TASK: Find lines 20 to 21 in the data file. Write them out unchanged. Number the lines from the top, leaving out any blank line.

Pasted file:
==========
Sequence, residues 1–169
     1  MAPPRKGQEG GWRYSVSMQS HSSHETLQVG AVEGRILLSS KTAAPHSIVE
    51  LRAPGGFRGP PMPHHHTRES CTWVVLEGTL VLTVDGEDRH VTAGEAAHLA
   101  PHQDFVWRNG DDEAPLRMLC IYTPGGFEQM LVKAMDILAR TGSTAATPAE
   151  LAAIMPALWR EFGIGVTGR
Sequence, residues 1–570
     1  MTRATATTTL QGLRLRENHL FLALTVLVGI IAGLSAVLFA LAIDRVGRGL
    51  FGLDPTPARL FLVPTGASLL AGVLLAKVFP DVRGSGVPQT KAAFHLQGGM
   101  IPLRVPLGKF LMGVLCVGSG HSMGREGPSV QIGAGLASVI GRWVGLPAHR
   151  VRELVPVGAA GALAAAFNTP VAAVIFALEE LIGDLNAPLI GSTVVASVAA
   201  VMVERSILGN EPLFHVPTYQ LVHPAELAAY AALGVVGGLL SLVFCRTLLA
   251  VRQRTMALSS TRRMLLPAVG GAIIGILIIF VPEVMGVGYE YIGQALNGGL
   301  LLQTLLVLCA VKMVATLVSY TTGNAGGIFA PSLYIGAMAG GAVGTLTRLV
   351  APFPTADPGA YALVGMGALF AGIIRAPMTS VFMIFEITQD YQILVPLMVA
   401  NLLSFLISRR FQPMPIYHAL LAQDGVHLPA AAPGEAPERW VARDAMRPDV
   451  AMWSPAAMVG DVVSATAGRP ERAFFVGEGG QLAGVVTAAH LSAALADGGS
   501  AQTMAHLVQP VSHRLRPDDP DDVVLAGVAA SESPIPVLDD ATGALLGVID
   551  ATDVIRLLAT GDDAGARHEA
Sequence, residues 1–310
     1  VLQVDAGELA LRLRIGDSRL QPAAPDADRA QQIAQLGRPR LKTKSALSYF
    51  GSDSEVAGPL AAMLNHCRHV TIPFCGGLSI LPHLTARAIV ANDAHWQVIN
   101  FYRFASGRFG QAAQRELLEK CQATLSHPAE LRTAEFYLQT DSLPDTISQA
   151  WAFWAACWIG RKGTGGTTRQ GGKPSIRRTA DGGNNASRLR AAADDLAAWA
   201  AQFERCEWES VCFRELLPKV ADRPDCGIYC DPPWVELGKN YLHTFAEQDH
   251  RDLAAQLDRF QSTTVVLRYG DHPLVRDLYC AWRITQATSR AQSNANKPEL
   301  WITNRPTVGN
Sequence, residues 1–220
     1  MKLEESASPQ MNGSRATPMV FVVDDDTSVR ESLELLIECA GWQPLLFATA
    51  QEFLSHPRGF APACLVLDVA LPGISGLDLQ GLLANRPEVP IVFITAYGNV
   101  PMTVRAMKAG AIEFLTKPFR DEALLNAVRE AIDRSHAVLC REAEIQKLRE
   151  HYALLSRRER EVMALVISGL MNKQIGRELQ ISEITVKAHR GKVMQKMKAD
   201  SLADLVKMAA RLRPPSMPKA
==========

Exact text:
     1  VLQVDAGELA LRLRIGDSRL QPAAPDADRA QQIAQLGRPR LKTKSALSYF
    51  GSDSEVAGPL AAMLNHCRHV TIPFCGGLSI LPHLTARAIV ANDAHWQVIN